Never heard of it, and you've either misquoted it, or it's completely wrong.
 

marcbarker

New Member
I still believe the reason
You believe wrongly.

These belief standoffs are resolvable after the intake and digestion of good information. We're lucky here because we have some objective reality to use as a source of information. (not so lucky are people who are very religious being not willing to 'put god to the test')

when I put every thing together, just nothing comes out.
What's the load impedance? For some reason I'd gotten the idea it's 8 Ω

What's the frequency? For some reason I have the idea it's 'audio'

Ideally, andrebc will set up the test circuit again, and record scope traces at various points in the circuit and then post them, appropriately identified. Unless something like this happens, it's just going to stay a belief standoff !
 
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Nigel Goodwin

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It's nothing to do with 'belief' - simple ohms law complete disproves it.

Impedance matching passes only 50% of the signal, feeding a low impedance into a higher one passes MORE than 50%, depending on the ratio. Feeding a source impedance into a load impedance of at least five times the source impedance is usually considered sufficiently high.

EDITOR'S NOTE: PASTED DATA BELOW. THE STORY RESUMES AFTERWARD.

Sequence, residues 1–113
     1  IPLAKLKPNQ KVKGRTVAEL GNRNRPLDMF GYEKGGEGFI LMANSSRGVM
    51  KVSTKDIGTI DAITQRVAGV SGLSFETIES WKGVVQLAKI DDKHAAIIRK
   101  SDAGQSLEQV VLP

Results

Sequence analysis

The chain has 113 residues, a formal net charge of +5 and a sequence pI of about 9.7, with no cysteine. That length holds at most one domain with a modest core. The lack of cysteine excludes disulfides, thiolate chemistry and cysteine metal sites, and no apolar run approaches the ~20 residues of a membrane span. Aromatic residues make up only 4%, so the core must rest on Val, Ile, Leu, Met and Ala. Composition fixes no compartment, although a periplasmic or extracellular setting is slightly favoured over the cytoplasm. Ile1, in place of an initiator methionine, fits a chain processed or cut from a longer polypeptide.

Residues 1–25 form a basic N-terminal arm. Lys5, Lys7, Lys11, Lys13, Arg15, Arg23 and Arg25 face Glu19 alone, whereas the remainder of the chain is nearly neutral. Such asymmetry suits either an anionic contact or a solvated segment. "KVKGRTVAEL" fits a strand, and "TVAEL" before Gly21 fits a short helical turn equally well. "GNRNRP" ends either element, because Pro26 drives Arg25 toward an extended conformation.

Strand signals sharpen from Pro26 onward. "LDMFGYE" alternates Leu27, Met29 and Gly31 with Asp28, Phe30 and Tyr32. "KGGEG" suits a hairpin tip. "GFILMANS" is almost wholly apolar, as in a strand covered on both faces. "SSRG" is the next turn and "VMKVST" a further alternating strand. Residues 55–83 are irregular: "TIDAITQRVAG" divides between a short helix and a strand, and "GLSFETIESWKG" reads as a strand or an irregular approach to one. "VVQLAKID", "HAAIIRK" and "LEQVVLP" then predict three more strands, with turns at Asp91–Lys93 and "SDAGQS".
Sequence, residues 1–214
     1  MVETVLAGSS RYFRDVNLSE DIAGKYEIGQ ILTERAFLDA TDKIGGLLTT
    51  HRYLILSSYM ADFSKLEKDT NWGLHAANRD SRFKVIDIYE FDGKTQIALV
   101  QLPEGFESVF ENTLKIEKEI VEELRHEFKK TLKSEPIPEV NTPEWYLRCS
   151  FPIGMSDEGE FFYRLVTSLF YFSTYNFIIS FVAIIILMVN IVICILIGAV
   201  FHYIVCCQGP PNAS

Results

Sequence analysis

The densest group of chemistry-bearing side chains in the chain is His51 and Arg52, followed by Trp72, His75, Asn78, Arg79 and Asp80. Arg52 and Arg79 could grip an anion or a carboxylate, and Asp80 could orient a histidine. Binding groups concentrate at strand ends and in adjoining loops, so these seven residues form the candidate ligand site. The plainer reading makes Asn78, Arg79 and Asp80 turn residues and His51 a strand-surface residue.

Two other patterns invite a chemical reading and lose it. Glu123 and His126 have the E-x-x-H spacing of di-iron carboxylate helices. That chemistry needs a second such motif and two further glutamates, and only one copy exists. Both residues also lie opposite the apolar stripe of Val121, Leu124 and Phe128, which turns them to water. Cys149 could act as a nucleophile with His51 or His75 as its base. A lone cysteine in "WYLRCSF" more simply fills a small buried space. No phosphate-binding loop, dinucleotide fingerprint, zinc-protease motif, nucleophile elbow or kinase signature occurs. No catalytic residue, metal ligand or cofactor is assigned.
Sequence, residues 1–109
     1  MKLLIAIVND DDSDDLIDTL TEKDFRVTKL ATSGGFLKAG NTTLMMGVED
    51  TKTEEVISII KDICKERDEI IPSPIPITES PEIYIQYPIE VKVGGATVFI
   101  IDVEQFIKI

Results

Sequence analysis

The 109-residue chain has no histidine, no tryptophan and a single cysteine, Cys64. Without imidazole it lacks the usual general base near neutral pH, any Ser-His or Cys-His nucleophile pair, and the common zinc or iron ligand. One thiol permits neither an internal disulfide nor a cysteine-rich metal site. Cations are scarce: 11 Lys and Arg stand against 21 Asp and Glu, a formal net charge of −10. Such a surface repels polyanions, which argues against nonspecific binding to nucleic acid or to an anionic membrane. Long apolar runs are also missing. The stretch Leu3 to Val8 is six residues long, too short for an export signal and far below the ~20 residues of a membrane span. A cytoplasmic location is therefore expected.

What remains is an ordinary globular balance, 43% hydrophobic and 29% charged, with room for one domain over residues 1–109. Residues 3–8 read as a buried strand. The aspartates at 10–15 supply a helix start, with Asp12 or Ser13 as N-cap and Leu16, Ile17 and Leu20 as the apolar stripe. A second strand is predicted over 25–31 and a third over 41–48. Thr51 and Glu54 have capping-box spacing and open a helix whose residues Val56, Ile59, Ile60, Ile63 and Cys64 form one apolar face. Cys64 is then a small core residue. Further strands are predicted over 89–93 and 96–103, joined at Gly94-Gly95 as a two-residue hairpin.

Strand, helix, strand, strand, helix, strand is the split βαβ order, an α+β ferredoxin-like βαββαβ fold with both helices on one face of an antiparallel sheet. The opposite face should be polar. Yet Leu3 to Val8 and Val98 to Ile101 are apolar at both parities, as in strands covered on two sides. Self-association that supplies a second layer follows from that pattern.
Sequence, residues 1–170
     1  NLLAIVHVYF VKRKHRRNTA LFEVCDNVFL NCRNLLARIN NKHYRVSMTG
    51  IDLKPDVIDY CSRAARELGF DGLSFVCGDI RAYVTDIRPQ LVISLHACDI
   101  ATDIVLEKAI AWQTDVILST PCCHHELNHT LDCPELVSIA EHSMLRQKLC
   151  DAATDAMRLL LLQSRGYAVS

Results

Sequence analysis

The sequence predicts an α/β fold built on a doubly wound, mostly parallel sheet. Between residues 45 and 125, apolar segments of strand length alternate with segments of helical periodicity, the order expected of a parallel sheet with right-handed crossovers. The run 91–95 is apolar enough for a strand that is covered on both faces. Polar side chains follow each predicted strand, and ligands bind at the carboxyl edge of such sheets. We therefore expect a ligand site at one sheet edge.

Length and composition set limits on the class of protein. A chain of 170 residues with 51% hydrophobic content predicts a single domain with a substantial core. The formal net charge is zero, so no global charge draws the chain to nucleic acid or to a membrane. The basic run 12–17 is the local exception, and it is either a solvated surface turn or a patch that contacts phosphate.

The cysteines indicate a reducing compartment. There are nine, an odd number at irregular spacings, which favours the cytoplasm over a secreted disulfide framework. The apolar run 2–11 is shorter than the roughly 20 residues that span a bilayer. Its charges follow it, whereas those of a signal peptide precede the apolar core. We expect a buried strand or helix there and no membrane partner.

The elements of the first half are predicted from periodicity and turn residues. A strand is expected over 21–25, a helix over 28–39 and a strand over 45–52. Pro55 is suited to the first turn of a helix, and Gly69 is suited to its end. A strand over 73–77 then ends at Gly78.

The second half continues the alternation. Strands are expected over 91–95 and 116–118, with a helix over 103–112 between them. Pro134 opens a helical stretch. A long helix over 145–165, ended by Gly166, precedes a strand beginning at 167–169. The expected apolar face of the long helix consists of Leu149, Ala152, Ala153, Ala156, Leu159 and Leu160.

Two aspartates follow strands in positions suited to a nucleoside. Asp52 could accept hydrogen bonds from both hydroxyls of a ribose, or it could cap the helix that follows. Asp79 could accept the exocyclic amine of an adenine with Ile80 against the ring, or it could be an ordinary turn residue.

audioguru

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The value of the output capacitor (1nF) is so small that it passes only radio frequencies to the 50 ohm load.
If its value is increased to 100uF and the value of the emitter bypass capacitor (10uF) also increased to 100uF then amplifier will have some gain.

The value of the base bias resistor (215k) for the output transistor is so high that the transistor is almost cutoff when it tries to have a current of 52mA into the 50 ohm emitter resistor. It should be about 6.8k ohms.
 

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marcbarker

New Member
It's nothing to do with 'belief' - simple ohms law complete disproves it.

When someone believes something, whether it's an irrational belief or not, it is an issue to them. Beliefs motivate us most of all, second only to being chased by a predator. So if it's just a case of Ohm's Law, what's been going wrong here then with the difference of belief? Otherwise it's a standoff of righteousness verses ignorance (with a possiblity of role reversal).

(1nF) is so small that it passes only radio frequencies to the 50 ohm load.
Maybe it's an RF circuit?


The value of the base bias resistor (215k) for the output transistor is so high that the transistor is almost cutoff when it tries to have a current of 52mA into the 50 ohm emitter resistor. It should be about 6.8k ohms.
Sorry to say this, but the author of the circuit said a few postings ago that the circuit you're looking at was drawn wrong. The OP should really post the circuit, along with more information, or we'll just all keep guessing!
 
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audioguru

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The circuit was drawn wrong with the base bias resistor (215k ohms) not connected to the base of the output transistor.
I moved the coupling capacitor so that the 215k resistor provided a tiny amount of base bias current but the resistor value was much too high.